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Biology Study Guide: Test April 5

by: Emily Snell

Biology Study Guide: Test April 5 BIOL 1010

Marketplace > Auburn University > Biology > BIOL 1010 > Biology Study Guide Test April 5
Emily Snell
GPA 3.93

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This is a little review for the test on April 5th!
A Survey of Life Laboratory
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This 3 page Study Guide was uploaded by Emily Snell on Thursday March 31, 2016. The Study Guide belongs to BIOL 1010 at Auburn University taught by Kearley in Spring 2016. Since its upload, it has received 64 views. For similar materials see A Survey of Life Laboratory in Biology at Auburn University.


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Date Created: 03/31/16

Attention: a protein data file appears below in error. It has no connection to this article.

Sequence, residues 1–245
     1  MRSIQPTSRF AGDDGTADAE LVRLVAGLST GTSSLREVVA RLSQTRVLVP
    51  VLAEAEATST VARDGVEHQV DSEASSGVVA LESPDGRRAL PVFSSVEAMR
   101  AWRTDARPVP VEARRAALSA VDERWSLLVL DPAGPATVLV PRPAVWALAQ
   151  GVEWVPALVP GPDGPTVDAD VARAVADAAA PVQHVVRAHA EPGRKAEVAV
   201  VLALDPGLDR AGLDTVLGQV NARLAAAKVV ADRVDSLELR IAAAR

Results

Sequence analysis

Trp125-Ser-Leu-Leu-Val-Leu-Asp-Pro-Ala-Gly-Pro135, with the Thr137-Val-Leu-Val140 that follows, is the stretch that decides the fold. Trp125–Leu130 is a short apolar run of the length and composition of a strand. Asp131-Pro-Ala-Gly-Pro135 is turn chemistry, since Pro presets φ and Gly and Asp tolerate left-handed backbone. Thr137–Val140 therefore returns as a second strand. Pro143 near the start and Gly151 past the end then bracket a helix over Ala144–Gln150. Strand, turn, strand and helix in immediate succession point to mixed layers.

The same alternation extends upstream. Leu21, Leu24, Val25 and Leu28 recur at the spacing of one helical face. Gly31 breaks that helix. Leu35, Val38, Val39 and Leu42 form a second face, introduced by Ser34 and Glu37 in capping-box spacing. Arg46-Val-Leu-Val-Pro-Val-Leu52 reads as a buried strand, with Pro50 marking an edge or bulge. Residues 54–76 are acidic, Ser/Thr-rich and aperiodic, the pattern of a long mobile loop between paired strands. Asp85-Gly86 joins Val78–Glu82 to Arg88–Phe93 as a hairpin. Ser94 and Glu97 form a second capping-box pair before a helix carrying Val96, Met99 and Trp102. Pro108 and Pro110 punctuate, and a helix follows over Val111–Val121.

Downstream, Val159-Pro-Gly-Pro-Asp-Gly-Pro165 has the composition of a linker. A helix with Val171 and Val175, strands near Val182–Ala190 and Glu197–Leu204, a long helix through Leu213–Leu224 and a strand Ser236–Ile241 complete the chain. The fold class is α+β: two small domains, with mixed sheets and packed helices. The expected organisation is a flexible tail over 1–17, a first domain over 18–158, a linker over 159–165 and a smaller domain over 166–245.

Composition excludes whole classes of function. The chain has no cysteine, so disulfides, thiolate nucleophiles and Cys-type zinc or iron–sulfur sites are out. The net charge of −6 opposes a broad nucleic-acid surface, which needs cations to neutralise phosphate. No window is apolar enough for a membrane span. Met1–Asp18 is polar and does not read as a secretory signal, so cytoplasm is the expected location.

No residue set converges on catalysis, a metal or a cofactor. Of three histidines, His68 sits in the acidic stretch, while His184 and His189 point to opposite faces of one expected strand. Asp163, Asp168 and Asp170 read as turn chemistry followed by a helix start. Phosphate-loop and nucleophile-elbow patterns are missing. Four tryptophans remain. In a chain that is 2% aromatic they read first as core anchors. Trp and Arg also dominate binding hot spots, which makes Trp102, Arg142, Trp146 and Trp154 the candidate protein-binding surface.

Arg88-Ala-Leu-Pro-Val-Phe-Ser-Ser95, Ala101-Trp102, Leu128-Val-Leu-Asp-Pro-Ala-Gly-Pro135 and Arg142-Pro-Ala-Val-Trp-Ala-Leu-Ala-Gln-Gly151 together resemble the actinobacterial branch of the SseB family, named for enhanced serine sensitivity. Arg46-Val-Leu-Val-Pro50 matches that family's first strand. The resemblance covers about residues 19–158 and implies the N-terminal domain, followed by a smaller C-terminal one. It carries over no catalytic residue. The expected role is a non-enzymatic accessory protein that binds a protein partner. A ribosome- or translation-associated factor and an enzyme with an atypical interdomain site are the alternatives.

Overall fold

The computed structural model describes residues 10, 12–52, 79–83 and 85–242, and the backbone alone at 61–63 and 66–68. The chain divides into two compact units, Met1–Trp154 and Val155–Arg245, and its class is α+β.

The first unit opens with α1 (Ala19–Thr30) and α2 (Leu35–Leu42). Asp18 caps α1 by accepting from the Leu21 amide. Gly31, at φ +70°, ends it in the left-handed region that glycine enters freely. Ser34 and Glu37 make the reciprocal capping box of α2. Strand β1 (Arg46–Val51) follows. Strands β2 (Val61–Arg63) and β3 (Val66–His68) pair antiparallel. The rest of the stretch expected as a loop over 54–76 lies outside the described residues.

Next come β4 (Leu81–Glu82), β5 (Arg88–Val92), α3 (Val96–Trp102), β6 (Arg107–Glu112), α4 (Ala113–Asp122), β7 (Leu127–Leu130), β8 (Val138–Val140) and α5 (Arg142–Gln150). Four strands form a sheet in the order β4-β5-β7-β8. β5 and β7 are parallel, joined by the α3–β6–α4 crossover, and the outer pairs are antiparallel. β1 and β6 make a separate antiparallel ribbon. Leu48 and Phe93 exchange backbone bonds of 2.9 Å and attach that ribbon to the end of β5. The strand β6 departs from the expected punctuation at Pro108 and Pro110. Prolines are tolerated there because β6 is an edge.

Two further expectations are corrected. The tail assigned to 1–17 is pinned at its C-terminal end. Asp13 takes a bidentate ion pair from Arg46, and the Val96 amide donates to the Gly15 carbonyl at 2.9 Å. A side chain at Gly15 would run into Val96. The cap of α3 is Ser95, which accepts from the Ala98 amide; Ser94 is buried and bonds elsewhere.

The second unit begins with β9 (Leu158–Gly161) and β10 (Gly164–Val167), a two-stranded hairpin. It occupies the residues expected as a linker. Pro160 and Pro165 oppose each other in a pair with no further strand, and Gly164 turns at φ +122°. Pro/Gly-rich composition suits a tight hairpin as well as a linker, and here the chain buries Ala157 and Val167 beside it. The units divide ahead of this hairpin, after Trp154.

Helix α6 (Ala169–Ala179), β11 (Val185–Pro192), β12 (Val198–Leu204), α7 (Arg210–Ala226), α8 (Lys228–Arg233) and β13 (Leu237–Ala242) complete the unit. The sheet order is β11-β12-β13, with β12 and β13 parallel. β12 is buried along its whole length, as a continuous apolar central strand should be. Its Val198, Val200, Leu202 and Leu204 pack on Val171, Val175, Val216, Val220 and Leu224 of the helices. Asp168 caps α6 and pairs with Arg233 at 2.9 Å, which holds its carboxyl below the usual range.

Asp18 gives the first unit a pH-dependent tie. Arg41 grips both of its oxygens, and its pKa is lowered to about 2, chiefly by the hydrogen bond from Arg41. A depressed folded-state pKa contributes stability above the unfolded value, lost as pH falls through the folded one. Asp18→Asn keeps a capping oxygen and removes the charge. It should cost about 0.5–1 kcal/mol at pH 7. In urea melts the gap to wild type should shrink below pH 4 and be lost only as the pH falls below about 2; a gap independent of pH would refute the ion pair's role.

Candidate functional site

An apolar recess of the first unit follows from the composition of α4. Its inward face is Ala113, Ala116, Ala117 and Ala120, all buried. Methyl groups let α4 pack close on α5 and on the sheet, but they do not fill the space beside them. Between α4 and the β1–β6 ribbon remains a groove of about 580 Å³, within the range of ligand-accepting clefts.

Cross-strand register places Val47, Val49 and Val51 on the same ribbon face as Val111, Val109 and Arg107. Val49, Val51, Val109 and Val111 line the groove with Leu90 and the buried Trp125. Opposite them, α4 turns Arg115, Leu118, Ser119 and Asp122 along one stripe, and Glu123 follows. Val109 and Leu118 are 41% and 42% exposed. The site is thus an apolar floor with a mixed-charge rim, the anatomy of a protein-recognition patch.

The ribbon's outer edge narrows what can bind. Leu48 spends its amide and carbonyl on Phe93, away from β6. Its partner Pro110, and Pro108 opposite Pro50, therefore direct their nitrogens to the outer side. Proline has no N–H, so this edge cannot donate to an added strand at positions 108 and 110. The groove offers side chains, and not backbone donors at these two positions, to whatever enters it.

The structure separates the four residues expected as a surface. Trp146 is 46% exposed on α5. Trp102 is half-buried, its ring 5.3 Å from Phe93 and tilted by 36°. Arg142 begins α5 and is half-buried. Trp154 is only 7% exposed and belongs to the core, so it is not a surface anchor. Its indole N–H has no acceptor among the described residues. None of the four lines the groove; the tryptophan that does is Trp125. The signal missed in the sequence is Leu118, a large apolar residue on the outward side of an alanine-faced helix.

Biology Study Guide for Exam III What you should study: —notes taken in class —objectives on canvas —application questions on canvas —this study guide! 1. What function does mucus have in the respiratory system?—prevents drying of the lungs, traps dust and pathogens, contains surfactant (allows exchange of oxygen and carbon dioxide 2. What is the difference between coughing, sneezing and snoring?—coughing is the irritation behind the uvula; sneezing is the irritation above the uvula; snoring is when folds of tissue blocks your airway when you sleep 3. What happens during inhalation?—diaphragm contracts, the external intercostal muscles contract (raises the rib cage), the pressure drops in the lungs so air rushes in (because the pressure outside the body is greater than inside), oxygen diffuses across the alveolar membrane into pulmonary capillaries, carbon dioxide comes up from the capillaries and into the alveoli 4. What is the path air takes from nasal cavity to alveoli?—nasal cavity, pharynx, glottis, trachea, bronchi, bronchioles, alveoli 5. What happens during passive exhalation?—carbon dioxide diffuses into alveoli, muscles relax and lungs passively recoil, pressure in alveolar sacs is greater than outside air pressure, air flows out of lungs 6. When do you normally use active inhalation?—when you need to get ride of carbon dioxide faster than normal. Internal intercostal muscles pull thoracic wall down and air is forced out. 7. Define vital capacity, tidal volume and residual volume—vital capacity is the amount of air that can move out of the lungs in 1 breath (very small amount); tidal volume is air flowing into and out of the lungs in the respiratory cycle (about 1.5 liters); residual volume remains in lungs (keeps them inflated) 8. What happens during gas exchange?—oxygen and carbon dioxide diffuse across the membrane, oxygen flows into pulmonary capillaries, carbon dioxide flow out into alveoli. 9. Water and solutes are added by: absorption from liquid and solid food, metabolism and respiration 10. Water and solutes are lost by: urinary excretion, evaporation from respiratory surfaces, sweat, elimination in feces 11. What are the kidney’s job?—filter water, mineral ions, organic wastes and other substances from the blood 12. How much of it returns to the blood?—99% 13. Define urine, ureter, urinary bladder and urethra—urine is fluid that rids the body of water and solutes that are not needed; ureter is a tubular channel between the kidney and the urinary bladder; urinary bladder is a muscular sac that stores urine; urethra is a muscular tube leading from the bladder to the outside of the body 14. What is the most painful thing that can happen to you?—kidney stones 15. What is the basic functional unit of the kidney?—the nephron 16. What is filtration?—when pressure filters blood by forcing water and solutes out of the glomerular capillaries 17. What is reabsorption?—when solutes and water move out of the nephron tubules are absorbed into the peritubular capillaries and return to general circulation 18. What is secretion?—solutes from the peritubular capillaries are secreted into the nephron 19. What is excretion?—water and solutes that were not reabsorbed flow into the renal pelvis and is eliminated from the bod yay the urinary tract 20. What are some other secretory organs and structures in the body?—sweat glands, large intestine and the lungs 21. What do hormones do for you?—regulates processes such as growth, reproduction and maintenance 22. The pineal gland produces melatonin, thyroid gland is important in growth, thymus gland helps with immunity in children 23. Where is the hypothalamus and what does it do?—in forebrain, secretes hormones which are conveyed to the pituitary gland 24. Where is the pituitary gland located?—at the base of the hypothalamus; contains the posterior and anterior lobe 25. What does the posterior lobe secrete?—2 hormones synthesized in the hypothalamus; antidiuretic hormone (responsible for reabsorption of water from the nephron) and oxytocin (the cuddle hormone and in females it is responsible for labor contractions and milk letdown) 26. What does the anterior lobe secrete?—follicle stimulating hormone (females-causes follicle to mature, males-stimulates testes to produce sperm), luteinizing hormone (female- ovulation; males-testes to produce testosterone), thyroid stimulating hormone (stimulates the thyroid gland to produce hormones), adrenocorticotropin hormone (stimulates cortex of adrenal glands to produce cortisol), prolactin (milk production in females), somatotropin (growth hormone) 27. What is gigantism?—producing too much somatotropin 28. What is acromegaly?—when you produce somatotropin when you are done growing. Your facial features thicken, fingers grow 29. When we have physical touch, how do our hormones change?—oxytocin goes up, cortisol goes down 30. Where is the adrenal medulla found? What does it secrete?—the inner part of the adrenal gland; secretes epinephrine and norepinephrine (fight or flight hormone) 31. What does the adrenal cortex secrete?—cortisol (raises blood glucose levels); cushing syndrome is the over production of cortisol) 32. What does your thyroid gland help regulate?—metabolism 33. Where is it located?—base of the trachea 34. What does it secrete?—thyroxine (regulates metabolism) and calcitonin (promotes deposition of calcium into the bone) 35. What is a goiter?—when the thyroid gland gets bigger because of not enough iodine 36. Whats the difference between hypothyroidism and hyperthyroidism?—hypothyroidism occurs when there are low levels of blood in the thyroid. This can make you sleep a lot, can cause fatigue, gain weight, dry skinned, confused and depressed. Hyperthyroidism is when blood levels in the thyroid gland are too high. This causes increased heart rate, elevated blood pressure, profuse sweating and weight loss. 37. What does the parathyroid gland produce?—parathyroid hormone (raises blood calcium levels; goes from bone to blood) 38. What does the pancreas secrete—glucagon (raises blood glucose levels) and insulin (causes glucose uptake by the muscle and adipose cells from the blood, lowers blood glucose level) 39. Where does diabetes mellitus cause glucose to accumulate?—in the blood 40. Difference between type 1 and 2 diabetes—type 1 is juvenile onset diabetes and requires insulin shots; type 2 happens when cells produce less insulin and can be controlled with a diet and taking prescription drugs 41. What do the testes secrete?—testosterone 42. What are male secondary sex characteristics?—facial hair, broad shoulders 43. Males are 4x more likely to die in an accident than women 44. What do ovaries produce?—estrogen (produces secondary sex characteristics and maintains pregnancy) and progesterone (maintains the uterine lining for pregnancy 45. When did you have a thymus gland?—as a child. Thymosine hormones cause the maturation of lymphocytes (white blood cells) 46. What does the pineal gland produce?—melatonin 47. What does melatonin do?—delays the onset of sexual maturity, regulates biorhythms such as day and night activity cycles (kiwi helps too) 48. What is seasonal affective disorder?—SAD, a major effect on depression. Alaska has the highest suicidal rate 49. Where does sperm production take place?—testes 50. If sperm is in the vas deferens, where did it just come from?—the epididymus 51. What is semen?—mix of sperm and glandular secretions (the seminal vesicle secretes fructose in the semen so the sperm can use it as an energy source) 52. What does the prostate gland and bulbourethral gland do?—its secretions buffer the pH of the female reproductive tract 53. What is the leading cause of death for men?—prostate cancer 54. What type of cancer should young boys look out for?—testicular cancer